You’ll learn more about who they are and how they communicate. If you can see their offices, you’ll get a feel for their organization and focus. And you’ll effectively be able to interview them with relevant questions. This stands in stark contrast to faceless online entities that often outsource projects to keep their costs low. Even so, you should get clear on a few things before committing to anyone. Here are a few little-known things to ask about:

Ownership rights:

It’s worth sorting this out early. Creative rights and ownership matters to both sides of any partnership. Ask about their policy on ownership of any work created for you. Will you own full or partial rights? Do they retain any distribution rights, and will they attempt to sell it to other people? Will you have the right to use the work in perpetuity once complete? There are no right or wrong answers here, it will mostly depend on what you want to happen. So consider what’s ideal for you, and ensure you discuss it up front.

Content sources:

This is the other side of the copyright question. If they source images or graphics, where do they source them from? Is all content original, or do they use stock? What are the licensing restrictions on any images or fonts used? We recently encountered a customer who purchased logo design services from a well-known online provider of print and design. It looked nice, and the client was happy…but the designers used a font that was not licensed for commercial use! Imagine if the client completely rebranded to the new logo and launched a national campaign, only to end up with a copyright nightmare. We helped them make the change to commercially licensed fonts that still supported their brand, but it was a close call. Make sure you hire a company who knows their licensing limitations!

Deliverable formats:

Ideally, agencies know their craft enough to manage expectations up front. They should ask you what format you expect deliverables to be in, or recommend formats depending on the job. But if you’re going through freelancers, you may be making assumptions that no one thinks to ask about. If you’re having a logo designed, do you know for sure you’re getting vector files that can be applied to any use in the future? Do you know if the poster they’re designing is truly digital and suited for offset printing, or are they hand-drawing it to scale and delivering an original work? Discuss what formats you’re expecting—you can’t afford to assume, especially on the basics!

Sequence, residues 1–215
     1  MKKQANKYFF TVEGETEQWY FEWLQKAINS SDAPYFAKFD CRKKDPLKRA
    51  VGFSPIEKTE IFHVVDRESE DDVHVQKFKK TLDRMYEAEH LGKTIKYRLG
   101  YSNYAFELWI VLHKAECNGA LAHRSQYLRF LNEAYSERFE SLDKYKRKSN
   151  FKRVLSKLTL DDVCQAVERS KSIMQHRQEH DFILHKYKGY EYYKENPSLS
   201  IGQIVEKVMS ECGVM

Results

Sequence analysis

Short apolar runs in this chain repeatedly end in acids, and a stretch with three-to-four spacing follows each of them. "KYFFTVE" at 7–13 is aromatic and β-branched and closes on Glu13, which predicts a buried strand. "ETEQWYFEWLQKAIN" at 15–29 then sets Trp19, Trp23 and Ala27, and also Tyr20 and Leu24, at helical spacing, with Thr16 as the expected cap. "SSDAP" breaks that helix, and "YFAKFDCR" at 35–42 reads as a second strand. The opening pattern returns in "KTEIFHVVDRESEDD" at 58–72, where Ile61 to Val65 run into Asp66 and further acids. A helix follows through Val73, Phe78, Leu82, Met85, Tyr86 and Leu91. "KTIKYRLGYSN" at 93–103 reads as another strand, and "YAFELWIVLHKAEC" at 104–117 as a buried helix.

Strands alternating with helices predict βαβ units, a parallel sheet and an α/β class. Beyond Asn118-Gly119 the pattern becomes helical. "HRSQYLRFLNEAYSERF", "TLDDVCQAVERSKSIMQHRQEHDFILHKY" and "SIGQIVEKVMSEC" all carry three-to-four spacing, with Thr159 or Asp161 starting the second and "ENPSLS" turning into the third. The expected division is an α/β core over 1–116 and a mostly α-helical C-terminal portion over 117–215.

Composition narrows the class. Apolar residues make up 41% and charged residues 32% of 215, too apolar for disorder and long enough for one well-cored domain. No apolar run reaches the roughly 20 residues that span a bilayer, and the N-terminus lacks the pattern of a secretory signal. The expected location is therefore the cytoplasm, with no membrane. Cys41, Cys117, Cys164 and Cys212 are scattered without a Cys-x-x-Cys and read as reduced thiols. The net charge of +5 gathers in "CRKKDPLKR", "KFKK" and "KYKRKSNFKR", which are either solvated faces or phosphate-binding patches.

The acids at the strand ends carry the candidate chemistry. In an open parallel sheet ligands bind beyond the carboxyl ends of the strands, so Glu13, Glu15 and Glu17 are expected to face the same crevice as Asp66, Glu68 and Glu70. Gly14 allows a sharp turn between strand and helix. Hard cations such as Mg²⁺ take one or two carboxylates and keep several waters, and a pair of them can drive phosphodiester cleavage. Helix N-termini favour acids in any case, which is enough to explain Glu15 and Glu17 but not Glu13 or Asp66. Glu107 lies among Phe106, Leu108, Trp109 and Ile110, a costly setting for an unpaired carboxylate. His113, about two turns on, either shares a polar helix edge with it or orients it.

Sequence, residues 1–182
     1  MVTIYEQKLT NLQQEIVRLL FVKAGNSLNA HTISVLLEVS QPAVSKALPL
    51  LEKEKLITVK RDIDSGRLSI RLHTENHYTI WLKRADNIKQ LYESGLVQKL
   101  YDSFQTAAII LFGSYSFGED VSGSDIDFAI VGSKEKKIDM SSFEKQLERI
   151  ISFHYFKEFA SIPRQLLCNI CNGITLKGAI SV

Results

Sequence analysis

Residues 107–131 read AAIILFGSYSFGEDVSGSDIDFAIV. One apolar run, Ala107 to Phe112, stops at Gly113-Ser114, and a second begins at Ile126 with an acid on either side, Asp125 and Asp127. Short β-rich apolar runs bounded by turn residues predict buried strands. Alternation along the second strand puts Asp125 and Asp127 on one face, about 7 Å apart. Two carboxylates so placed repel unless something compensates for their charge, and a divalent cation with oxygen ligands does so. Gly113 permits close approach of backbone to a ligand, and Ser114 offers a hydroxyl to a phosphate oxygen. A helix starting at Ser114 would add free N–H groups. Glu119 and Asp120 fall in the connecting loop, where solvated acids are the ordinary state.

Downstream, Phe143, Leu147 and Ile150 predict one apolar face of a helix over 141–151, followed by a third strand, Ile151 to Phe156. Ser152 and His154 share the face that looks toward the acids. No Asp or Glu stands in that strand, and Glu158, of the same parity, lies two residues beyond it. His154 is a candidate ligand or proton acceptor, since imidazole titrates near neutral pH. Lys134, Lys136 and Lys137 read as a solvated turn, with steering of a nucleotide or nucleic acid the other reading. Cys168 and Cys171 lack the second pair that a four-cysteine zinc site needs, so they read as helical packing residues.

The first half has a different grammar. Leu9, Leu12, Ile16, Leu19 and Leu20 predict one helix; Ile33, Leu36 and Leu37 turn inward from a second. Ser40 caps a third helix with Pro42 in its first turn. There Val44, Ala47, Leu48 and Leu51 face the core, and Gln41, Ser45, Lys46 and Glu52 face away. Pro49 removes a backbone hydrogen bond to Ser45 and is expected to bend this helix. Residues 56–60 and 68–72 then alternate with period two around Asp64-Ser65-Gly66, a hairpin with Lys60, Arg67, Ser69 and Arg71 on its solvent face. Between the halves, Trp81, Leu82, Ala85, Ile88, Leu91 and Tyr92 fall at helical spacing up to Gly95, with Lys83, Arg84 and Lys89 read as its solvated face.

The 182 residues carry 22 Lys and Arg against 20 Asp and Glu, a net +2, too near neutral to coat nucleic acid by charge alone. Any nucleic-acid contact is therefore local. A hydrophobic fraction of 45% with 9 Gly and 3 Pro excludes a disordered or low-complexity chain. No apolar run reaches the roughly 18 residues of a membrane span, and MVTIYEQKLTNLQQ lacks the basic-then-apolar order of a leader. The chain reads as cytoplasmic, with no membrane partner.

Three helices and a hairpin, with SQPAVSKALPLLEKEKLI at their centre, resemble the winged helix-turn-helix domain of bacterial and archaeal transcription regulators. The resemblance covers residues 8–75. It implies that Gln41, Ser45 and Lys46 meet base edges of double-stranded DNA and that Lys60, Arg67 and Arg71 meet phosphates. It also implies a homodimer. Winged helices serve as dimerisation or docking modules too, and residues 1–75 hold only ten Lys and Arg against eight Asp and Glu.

5  |  Prep for the creative brief!

You may or may not be familiar with this term. But the creative brief is essentially a document drawn up by your chosen agency that will serve as a guiding force throughout the project. It lays out everything from what the core message is to who they’re targeting, and it’s intended to give their team clear goals for success. Everyone will lay it out a bit differently, but they will all collaborate with you to build it up.

There will typically be a period of discovery once you commit to working with an agency, and you’ll be the one on interview. They may ask anything from how you got your start to why your current logo has a stripe. If you haven’t been on the creative side of the conversation, it can get intense, and you may question how necessary it is.

But remember that they’re attempting to learn in weeks or months what you’ve spent years building up—helping them understand the ins and outs of your business only serves you in the long run.

With that in mind, we developed a document to help you work out some of these answers ahead of time. This is not a creative brief template—that document will always be unique to your project and the agency you partner with. But this does supplement the brief, and it will help you be more prepared for the questions a creative marketing agency will ask.


You’re on your way to hiring a creative marketing agency. If you want to learn more about the client’s role in developing a creative brief, we recommend this article on Forbes.com. And when you’re ready to schedule your first meeting, we’d welcome the opportunity to sit down and discuss your project! Give us a call any time, or head on over right now.

That’s it for this week’s Red Arrow Blog. If you found these resources useful, let us know below. Be sure to follow our social media for weekly articles to help you make the most of your business.